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Former WH attorneys call for top Trump adviser to be fired over alleged Hatch Act violation

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Trump senior adviser Dan Scavino is accused of violating the Hatch Act by former White House attorneys. (JIM WATSON/AFP/Getty Images)

The former chief ethics attorney for former President George W. Bush is calling on a top Trump adviser to be fired after allegedly violating the Hatch Act.

The alleged violation centers around a tweet that Trump senior adviser Dan Scavino made Saturday when he labeled Rep. Justin Amash (R-Mich.) a "liability" and called on him to be primaried in next year's congressional elections.

Scavino was lashing out at Amash for being a member of the House Freedom Caucus, the conservative wing of the House that the Trump administration has been bashing after their recent failure to pass health care reform. But according to Richard Painter, a University of Minnesota law professor who served as the chief ethics lawyer for the Bush White House from 2005 to 2007, Scavino violated federal law with the tweet.

"Look at the official photo on this page. Read the Hatch Act and fire this man NOW. Someone call OSC," Painter tweeted Saturday, referencing the Office of Special Counsel, which oversees personnel violations.

As far as the photo, Painter was referencing the fact that Scavino's personal Twitter account features an avatar of him in the Oval Office — essentially a representation of him as a government official.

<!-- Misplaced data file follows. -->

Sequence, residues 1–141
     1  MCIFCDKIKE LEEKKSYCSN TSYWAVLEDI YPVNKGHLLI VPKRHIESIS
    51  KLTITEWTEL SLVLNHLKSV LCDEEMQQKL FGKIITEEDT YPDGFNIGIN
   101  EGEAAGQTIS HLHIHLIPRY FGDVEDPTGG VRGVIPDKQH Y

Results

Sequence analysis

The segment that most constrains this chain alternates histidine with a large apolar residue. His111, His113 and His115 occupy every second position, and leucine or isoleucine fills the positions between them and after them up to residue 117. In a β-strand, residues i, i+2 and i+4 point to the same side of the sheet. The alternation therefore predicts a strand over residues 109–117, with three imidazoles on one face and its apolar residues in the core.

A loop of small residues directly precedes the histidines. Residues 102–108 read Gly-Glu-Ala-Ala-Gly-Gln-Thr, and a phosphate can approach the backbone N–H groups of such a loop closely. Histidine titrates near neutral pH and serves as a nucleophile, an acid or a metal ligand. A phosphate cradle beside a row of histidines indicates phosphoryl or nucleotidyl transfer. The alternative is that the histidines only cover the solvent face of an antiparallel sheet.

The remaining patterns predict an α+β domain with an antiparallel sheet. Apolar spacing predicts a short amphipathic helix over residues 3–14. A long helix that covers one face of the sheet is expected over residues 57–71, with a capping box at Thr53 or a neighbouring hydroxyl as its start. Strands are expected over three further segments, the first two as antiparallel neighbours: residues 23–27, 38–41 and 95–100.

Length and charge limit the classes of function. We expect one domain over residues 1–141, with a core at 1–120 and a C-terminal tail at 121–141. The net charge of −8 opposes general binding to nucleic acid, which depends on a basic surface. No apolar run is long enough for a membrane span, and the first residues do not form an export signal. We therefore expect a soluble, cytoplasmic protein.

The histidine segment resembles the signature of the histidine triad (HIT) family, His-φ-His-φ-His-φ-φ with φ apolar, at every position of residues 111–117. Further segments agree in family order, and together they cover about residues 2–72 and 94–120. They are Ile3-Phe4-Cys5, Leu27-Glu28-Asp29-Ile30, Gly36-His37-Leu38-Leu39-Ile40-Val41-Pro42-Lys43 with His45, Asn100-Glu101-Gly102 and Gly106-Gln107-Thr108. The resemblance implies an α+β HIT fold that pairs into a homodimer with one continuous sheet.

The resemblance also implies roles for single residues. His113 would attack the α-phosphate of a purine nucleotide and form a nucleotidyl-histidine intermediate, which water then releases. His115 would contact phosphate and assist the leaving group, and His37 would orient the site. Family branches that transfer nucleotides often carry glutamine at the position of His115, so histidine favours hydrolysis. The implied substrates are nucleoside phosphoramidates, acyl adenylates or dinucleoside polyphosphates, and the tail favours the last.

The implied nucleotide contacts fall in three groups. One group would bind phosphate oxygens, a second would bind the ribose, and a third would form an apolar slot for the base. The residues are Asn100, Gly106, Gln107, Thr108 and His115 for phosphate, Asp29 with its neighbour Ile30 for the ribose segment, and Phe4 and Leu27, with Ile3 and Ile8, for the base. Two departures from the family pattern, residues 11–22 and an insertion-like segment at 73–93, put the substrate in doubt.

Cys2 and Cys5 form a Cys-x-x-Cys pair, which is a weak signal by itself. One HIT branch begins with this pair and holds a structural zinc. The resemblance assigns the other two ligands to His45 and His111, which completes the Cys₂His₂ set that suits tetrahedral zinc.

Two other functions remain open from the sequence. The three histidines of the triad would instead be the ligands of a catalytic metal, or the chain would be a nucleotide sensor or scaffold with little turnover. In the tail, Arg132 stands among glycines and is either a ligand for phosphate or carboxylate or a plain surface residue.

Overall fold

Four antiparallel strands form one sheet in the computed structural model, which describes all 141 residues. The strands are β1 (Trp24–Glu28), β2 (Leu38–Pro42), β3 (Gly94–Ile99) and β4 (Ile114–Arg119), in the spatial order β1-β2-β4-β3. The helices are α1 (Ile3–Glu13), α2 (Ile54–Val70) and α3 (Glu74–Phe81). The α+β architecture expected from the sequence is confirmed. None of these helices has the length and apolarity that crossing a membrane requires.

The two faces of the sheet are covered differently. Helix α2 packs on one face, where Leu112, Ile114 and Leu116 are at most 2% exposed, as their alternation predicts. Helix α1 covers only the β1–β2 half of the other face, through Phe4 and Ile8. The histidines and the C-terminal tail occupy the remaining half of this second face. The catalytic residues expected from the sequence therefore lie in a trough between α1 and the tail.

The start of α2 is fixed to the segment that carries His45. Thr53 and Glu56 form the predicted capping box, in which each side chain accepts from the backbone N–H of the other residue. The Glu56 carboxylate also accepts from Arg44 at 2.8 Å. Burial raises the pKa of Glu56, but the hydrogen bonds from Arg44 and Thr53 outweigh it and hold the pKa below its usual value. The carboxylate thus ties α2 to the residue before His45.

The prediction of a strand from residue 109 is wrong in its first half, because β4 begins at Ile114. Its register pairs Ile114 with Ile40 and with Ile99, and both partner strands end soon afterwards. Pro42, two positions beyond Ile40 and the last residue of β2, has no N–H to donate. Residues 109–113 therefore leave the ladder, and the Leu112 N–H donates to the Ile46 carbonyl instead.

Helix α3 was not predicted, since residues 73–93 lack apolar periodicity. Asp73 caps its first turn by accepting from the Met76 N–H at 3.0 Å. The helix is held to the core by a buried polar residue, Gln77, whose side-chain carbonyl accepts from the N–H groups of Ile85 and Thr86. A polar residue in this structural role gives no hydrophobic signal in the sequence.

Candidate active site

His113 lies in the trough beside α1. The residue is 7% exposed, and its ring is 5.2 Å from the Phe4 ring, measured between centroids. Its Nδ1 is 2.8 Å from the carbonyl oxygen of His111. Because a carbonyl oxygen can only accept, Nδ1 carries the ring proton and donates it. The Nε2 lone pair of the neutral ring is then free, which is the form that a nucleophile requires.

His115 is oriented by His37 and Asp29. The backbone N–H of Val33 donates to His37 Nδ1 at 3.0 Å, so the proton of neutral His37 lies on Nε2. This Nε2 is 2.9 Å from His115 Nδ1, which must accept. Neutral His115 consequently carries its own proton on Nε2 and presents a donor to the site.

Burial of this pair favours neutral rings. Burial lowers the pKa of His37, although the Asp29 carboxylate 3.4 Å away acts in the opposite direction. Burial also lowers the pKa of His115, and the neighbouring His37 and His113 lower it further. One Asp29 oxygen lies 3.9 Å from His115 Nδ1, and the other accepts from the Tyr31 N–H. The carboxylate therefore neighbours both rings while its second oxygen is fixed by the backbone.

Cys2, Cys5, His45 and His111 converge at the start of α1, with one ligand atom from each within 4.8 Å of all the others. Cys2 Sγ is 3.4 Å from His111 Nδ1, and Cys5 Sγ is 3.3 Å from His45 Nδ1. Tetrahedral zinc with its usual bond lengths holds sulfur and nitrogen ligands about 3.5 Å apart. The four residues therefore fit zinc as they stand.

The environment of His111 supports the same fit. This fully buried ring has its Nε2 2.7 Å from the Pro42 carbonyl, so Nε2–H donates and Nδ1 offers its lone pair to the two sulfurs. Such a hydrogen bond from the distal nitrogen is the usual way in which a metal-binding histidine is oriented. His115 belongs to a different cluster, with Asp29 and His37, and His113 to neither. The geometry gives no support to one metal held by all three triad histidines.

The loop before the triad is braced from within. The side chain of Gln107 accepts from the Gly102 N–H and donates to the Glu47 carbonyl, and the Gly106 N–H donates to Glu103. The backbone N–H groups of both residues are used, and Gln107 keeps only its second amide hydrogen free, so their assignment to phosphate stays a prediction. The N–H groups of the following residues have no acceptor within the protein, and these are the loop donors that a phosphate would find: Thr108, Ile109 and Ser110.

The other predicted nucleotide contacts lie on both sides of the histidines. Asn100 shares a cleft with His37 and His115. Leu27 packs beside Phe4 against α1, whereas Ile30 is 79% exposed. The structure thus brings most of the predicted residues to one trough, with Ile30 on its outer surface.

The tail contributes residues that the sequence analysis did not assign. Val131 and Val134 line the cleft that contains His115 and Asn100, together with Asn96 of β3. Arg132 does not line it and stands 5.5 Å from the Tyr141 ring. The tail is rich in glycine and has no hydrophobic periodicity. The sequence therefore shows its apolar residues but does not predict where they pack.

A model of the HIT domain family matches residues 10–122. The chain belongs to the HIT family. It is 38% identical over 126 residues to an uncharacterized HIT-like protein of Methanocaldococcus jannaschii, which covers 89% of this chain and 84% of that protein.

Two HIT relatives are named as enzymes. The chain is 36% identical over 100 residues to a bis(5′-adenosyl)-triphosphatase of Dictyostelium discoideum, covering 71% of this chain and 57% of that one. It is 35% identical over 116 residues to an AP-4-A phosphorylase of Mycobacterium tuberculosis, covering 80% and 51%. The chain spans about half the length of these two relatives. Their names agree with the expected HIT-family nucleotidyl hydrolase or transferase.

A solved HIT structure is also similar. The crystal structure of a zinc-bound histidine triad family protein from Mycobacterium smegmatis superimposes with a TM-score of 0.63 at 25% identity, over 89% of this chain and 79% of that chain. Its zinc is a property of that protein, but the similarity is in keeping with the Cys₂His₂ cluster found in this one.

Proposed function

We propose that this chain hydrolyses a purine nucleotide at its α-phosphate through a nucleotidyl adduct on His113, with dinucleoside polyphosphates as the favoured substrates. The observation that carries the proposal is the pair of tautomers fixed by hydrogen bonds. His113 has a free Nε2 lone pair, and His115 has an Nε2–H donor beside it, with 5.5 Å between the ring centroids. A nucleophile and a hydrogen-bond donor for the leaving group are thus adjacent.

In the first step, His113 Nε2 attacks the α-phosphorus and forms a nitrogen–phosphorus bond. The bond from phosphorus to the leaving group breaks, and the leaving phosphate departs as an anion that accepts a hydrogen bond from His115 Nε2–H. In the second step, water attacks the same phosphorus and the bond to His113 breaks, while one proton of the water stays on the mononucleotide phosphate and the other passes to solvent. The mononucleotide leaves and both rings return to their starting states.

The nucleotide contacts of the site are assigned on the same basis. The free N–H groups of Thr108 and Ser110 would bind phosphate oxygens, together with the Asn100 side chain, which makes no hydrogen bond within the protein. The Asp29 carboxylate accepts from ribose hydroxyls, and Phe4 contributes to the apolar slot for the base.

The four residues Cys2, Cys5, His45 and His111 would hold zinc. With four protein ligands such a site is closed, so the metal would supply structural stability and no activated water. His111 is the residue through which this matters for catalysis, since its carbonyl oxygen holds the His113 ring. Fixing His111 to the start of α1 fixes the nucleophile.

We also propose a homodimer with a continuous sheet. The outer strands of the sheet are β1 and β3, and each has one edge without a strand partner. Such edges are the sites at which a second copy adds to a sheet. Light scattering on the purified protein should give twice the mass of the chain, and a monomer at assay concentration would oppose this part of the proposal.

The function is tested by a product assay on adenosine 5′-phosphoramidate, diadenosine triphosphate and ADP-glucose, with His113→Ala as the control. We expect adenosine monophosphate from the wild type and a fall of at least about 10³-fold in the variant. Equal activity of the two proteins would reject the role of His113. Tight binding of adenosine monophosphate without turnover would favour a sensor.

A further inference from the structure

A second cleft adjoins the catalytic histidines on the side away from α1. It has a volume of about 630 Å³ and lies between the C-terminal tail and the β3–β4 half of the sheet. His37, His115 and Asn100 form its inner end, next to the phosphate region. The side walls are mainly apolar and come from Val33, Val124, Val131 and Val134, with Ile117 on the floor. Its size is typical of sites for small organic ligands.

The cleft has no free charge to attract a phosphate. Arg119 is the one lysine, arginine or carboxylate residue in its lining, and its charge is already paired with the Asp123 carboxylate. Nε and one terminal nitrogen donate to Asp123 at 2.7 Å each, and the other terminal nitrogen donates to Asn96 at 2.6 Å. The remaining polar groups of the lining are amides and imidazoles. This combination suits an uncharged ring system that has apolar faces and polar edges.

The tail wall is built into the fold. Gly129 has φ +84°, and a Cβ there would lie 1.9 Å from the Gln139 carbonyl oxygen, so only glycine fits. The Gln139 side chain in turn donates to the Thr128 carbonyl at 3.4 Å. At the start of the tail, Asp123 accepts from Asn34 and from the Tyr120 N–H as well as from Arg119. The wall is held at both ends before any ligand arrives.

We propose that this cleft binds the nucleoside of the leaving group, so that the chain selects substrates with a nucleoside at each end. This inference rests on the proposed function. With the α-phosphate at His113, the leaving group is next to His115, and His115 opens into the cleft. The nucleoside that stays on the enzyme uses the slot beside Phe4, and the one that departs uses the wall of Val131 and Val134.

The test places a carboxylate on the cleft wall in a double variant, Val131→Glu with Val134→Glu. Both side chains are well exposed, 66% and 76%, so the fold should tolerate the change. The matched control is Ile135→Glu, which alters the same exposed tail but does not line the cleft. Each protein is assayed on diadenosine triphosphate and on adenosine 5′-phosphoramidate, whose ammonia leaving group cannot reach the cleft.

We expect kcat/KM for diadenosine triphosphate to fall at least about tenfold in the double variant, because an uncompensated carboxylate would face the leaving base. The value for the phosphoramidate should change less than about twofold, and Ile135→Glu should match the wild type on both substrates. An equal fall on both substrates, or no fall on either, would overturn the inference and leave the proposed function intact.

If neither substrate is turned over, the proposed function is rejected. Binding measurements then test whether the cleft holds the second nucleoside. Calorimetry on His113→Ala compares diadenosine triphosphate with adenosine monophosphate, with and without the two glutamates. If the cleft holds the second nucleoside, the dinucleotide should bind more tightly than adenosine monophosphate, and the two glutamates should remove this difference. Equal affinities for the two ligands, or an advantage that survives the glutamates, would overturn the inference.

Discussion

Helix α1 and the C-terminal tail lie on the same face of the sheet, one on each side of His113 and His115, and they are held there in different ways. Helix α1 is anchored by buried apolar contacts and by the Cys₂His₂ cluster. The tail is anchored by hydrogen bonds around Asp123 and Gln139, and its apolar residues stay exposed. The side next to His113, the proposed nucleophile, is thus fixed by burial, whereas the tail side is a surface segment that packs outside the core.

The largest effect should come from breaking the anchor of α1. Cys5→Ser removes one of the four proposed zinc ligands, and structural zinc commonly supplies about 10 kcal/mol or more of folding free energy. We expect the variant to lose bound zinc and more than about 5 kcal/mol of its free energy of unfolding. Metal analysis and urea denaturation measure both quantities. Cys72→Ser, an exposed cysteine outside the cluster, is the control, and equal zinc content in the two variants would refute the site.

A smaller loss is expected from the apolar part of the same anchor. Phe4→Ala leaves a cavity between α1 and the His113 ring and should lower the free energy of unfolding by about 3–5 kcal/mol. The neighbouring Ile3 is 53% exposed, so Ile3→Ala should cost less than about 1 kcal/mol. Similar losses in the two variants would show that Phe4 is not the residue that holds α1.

"This is use of official position to influence an election. Look at the photo and description underneath. Bush WH would have fired him," Painter went on to explain.

"Ethics 101- You can't put official titles and WH photos all over your "personal" Twitter page and use it for partisan politics. Hatch Act," he added.

The Hatch Act is a law passed under former President Franklin Roosevelt that prevents all federal government employees — with exceptions to the president, vice president and certain other high-ranking political offices — from using their positions in the government to influence or sway elections.

However, Painter wasn't the only former White House lawyer to call out Scavino for allegedly violating the Hatch Act. Daniel Jacobson, an attorney who worked in the Obama administration, echoed Painter's comments.

"This violates the Hatch Act. WH staff can't use an official or de facto govt Twitter acct (which this is) to call for defeat of a candidate," he wrote on Twitter Saturday.

For his part, Amash hit back at Scavino by saying the Trump administration is already part of the entrenched government establishment by attacking conservatives and independent thinkers.

He even used the opportunity to tweet out the link to his campaign website so that people could donate to his re-election effort next year.

For what it's worth, Scavino has not deleted his Saturday tweet or changed his Twitter avatar. He also retweeted Trump's personal account earlier this week where Trump called on his supporters to fight Freedom Caucus members in 2018.

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